Another subtle item to track is that while Gray is not an extreme ground-ball pitcher, he compares similarly to new teammate Wood in that department. In the past three years, Gray has posted ground-ball rates of 54%, 53%, and 50%, respectively. Of course, it is a bad trend that those numbers have dipped every subsequent year. Not surprisingly, that drop has unfortunately been accompanied by a proportionate increase in line-drive rate. Paired with a 7.5% increase in hard-hit rate from 2017 to 2018, it’s pretty easy to see why Gray had a couple mishaps—and then some—last year.
The funny thing is, his soft-contact rate was actually at its lowest since 2013. So maybe it’s not all gray skies for Sonny (sorry, I couldn’t resist). In any park, inducing soft contact via the ground ball is a good thing. If Gray can focus on that, it won’t matter if he’s pitching in New York, Cincinnati, or on the moon; he will have a better season. But there is substantial doubt as to whether he can right his wrongs.
A couple more things to note on Gray’s profile before getting to some intangibles and ADP. Overall, hitters swung less at Gray’s offerings (down 3% in Z-Swing% and O-Swing%) but made more contact when they did swing (up 2.5% in Z-Contact% and O-Contact%). This shows that hitters are sitting on Gray’s pitches, and hitters can easily distinguish the type of pitch they are seeing. He also saw his swinging-strike rate (SwStr%) decrease to 10%, a 2% decline from 2017. This SwStr% is still slightly above league-average, but it would be nice if Gray could pump that percentage back up. He is known as a crafty pitcher with a few different varieties of fastballs, so it is surprising to see hitters swing less often, miss less often, and also make harder contact. Maybe he’s just not crafty enough.
Another, less tangible, aspect of this trade is that he is now reunited with his former college pitching coach, Derek Johnson. There are several articles written about Gray’s and Johnson’s relationship. This should give Gray some comfort at his new landing spot. Of course, it is hard to predict a boost in overall stats simply because he can see his loyal pitching coach from the mound while he’s got two on and one out in a tie game at Wrigley Field in September. Yet nothing but good things should happen as a result of reuniting with Johnson.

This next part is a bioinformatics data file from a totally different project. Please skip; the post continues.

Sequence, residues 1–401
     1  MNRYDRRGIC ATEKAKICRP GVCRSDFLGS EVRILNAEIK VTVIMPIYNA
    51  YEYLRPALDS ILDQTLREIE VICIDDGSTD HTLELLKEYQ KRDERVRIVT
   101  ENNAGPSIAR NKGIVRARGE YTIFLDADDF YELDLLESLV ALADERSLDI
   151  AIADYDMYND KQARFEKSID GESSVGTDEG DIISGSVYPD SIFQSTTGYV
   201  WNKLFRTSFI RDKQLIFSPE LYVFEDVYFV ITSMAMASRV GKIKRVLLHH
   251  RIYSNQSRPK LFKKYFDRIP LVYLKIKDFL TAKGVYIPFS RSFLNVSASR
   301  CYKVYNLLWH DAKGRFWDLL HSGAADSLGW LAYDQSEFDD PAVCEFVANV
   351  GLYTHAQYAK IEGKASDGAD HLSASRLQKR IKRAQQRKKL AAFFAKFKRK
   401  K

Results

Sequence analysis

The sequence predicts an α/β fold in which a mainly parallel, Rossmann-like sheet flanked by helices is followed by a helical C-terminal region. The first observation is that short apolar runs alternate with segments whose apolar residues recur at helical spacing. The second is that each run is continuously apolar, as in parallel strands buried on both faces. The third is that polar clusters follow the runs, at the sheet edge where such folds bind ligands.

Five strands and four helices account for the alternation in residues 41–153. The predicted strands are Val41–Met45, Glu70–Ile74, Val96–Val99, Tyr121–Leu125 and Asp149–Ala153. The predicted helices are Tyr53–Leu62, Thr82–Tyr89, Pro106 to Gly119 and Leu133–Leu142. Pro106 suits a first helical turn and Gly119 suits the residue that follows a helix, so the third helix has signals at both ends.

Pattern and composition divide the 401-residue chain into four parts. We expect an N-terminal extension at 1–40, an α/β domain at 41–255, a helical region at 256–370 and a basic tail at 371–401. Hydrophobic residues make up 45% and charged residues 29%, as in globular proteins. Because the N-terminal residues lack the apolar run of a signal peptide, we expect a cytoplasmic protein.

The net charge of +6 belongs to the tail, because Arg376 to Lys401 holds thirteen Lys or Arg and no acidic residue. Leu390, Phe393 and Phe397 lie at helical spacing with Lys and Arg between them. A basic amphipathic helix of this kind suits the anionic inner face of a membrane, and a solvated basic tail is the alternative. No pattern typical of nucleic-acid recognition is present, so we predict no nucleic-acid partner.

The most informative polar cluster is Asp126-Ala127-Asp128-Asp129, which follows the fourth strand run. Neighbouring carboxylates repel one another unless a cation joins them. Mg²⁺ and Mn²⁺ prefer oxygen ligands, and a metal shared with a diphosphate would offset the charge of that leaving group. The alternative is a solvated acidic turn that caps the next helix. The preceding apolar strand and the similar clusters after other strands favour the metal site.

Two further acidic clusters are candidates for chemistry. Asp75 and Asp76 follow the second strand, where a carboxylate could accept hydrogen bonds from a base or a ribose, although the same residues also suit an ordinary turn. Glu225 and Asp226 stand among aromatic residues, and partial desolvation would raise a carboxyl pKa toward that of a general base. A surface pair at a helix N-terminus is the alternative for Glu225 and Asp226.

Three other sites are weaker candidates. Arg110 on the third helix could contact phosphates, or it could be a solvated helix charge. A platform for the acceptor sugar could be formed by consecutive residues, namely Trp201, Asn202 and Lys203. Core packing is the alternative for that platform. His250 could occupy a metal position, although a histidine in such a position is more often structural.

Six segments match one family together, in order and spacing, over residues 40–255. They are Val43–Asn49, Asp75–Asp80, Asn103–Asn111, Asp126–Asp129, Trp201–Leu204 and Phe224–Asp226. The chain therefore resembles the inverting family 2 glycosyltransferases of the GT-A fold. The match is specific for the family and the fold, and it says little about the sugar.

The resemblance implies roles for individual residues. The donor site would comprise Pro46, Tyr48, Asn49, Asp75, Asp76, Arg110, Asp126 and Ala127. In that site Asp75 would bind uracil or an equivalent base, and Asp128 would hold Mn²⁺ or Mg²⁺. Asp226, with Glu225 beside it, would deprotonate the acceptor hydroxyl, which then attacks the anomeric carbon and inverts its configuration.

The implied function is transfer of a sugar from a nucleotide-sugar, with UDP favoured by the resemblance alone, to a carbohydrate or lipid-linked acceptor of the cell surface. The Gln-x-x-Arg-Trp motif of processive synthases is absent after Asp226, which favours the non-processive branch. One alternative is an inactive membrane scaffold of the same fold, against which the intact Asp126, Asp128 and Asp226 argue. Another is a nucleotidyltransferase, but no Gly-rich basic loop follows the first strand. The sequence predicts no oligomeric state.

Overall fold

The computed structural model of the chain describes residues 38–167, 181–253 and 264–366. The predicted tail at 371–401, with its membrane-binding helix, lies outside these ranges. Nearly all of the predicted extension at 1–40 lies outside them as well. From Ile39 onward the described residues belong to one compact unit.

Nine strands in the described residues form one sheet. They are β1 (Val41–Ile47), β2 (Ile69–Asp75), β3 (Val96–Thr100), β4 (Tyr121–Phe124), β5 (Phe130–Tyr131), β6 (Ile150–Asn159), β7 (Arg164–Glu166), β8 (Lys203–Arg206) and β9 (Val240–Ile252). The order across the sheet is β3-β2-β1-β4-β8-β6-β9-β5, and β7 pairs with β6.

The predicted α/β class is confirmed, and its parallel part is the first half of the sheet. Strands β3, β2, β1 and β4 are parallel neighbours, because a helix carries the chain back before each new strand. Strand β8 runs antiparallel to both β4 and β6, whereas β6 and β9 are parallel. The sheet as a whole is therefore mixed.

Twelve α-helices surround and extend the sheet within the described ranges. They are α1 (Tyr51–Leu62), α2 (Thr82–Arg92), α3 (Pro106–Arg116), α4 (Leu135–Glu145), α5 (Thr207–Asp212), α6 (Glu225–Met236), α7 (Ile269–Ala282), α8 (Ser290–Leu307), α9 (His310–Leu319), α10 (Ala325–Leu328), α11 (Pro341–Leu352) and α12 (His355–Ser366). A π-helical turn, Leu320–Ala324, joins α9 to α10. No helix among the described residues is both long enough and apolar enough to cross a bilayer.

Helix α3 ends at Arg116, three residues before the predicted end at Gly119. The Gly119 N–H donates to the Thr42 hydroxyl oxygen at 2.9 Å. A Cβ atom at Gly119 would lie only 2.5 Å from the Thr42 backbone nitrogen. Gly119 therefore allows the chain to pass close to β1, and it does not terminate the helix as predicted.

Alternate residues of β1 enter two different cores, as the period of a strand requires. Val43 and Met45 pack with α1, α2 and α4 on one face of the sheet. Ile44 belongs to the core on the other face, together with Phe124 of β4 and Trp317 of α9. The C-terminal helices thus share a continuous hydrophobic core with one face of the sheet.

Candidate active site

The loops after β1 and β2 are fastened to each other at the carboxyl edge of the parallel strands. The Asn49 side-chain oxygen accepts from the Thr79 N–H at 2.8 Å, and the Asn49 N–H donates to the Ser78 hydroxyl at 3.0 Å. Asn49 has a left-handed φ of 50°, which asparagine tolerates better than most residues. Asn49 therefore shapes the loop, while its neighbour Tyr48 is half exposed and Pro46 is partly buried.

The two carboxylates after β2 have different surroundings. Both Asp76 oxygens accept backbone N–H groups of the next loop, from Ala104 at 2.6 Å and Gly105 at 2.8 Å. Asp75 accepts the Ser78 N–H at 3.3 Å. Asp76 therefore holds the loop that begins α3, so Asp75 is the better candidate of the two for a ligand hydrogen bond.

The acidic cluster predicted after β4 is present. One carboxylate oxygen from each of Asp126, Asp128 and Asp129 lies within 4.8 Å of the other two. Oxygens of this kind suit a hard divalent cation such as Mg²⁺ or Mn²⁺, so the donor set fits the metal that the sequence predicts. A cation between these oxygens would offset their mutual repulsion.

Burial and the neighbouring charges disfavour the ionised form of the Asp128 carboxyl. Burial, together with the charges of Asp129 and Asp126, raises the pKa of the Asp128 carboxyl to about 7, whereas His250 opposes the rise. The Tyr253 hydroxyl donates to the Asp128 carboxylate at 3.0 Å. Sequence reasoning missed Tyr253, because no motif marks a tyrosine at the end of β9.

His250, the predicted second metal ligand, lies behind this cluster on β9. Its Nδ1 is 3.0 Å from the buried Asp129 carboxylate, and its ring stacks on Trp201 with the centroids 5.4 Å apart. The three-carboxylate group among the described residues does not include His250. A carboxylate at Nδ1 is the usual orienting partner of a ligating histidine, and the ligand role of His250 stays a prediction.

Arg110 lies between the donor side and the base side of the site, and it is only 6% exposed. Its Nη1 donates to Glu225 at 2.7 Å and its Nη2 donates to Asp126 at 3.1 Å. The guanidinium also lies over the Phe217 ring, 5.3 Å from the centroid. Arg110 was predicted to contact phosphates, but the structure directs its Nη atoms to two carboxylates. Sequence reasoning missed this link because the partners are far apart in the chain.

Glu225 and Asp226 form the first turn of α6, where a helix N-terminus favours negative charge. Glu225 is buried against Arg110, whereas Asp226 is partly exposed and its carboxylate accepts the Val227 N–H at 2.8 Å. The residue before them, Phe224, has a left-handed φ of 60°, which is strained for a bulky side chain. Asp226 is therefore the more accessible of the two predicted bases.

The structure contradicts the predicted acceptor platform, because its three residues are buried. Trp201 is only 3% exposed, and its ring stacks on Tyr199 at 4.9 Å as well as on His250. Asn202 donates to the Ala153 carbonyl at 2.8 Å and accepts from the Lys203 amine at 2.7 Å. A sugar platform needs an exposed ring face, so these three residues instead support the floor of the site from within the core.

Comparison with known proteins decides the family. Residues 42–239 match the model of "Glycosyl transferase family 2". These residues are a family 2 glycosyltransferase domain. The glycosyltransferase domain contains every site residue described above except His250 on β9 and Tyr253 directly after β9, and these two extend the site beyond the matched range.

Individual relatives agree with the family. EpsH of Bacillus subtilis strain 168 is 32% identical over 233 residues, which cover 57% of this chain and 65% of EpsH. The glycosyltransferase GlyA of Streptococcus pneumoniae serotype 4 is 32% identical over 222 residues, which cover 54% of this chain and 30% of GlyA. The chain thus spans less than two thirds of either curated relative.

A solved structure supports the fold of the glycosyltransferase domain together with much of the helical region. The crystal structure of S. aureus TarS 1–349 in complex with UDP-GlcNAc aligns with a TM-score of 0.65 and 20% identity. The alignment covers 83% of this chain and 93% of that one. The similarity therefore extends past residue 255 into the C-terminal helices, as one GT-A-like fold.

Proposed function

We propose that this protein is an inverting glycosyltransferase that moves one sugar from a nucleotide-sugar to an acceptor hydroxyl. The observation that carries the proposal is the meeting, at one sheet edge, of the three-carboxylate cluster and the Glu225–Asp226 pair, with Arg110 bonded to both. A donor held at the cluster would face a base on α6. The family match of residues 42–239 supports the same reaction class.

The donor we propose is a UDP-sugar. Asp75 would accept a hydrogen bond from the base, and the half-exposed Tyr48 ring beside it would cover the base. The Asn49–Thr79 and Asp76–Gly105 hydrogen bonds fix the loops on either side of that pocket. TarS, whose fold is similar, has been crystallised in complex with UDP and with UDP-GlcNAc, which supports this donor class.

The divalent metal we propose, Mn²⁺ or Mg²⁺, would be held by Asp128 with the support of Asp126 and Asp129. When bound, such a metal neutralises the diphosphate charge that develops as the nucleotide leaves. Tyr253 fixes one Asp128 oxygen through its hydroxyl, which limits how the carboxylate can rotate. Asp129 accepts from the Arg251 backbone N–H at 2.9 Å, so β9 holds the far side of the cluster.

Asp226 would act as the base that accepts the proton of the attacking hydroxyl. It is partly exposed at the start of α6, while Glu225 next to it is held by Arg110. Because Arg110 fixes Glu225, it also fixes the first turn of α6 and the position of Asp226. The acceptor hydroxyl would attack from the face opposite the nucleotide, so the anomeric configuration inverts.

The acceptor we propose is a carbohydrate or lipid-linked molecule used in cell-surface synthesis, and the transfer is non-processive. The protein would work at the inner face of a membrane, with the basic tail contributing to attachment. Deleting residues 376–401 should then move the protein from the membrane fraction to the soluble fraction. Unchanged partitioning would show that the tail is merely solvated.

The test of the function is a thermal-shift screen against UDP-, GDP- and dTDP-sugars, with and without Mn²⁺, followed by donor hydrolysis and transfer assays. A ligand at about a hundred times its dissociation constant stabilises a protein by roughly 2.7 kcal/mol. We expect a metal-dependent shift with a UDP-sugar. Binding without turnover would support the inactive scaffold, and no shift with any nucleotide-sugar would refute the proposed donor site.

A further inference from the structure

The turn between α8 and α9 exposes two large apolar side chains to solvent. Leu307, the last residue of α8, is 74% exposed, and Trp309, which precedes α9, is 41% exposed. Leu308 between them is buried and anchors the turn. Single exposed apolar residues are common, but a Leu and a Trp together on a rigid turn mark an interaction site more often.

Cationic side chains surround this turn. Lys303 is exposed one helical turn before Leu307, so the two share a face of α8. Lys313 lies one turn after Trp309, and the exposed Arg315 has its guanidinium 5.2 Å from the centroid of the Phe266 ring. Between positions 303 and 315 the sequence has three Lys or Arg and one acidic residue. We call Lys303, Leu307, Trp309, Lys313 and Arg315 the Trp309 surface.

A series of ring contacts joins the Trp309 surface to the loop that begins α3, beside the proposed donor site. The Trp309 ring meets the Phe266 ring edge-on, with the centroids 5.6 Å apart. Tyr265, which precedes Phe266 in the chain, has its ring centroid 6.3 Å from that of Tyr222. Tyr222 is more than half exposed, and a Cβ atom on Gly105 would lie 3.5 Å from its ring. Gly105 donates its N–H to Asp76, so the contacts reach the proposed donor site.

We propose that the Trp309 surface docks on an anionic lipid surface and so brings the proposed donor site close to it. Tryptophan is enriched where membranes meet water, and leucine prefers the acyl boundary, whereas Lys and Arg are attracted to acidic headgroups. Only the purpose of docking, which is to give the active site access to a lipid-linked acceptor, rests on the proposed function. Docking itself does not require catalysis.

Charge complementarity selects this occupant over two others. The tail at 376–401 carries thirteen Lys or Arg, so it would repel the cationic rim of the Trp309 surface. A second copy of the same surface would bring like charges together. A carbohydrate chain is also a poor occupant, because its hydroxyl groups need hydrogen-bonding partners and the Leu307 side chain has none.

Perhaps the league figured out Gray. His last truly phenomenal seasons were back in 2014 and 2015, in which he posted a sub-3 ERA and sub 3.50 FIP over those two years combined. His K/9 has since risen, but his BABIP has risen roughly 50 percentage points since 2015. His HR/FB rate has climbed nearly 6%, and his left-on-base percentages have decreased by nearly 7%. Gray hasn’t come close to imitating those glory years in the past three seasons. While the change in ballpark may actually help, his peripherals scream that he likely won’t improve much since his 2014 and 2015 seasons seemed to have a lot of luck in his favor. It could be time to give up on hoping Gray returns to form as the every-start, fantasy SP2 he used to be.
The good news is Gray is currently (and should be) going right outside the 300 mark as the 87th drafted pitcher on Fantrax. On NFBC since January 1, he has slid to 114th for pitchers but narrowly resides inside the top 300. This section of the draft is typically reserved for young up-and-comers without a settled rotation spot (see Mike Soroka, Touki Toussaint, Julio Urias), or veterans who haven’t lived up to their once-thought potential (Marcus Stroman, Michael Fulmer). Clearly, Gray belongs in that latter grouping. The 29-year-old is by no means over the hill, but this seems like a good range for him.
While Steamer hasn’t updated its projections for Gay, it is safe to say that he is a late-round flier in standard leagues. The smart money may be to draft him as such, hope he starts the season well, and then sell high for a guy who will get more strikeouts and better ratios.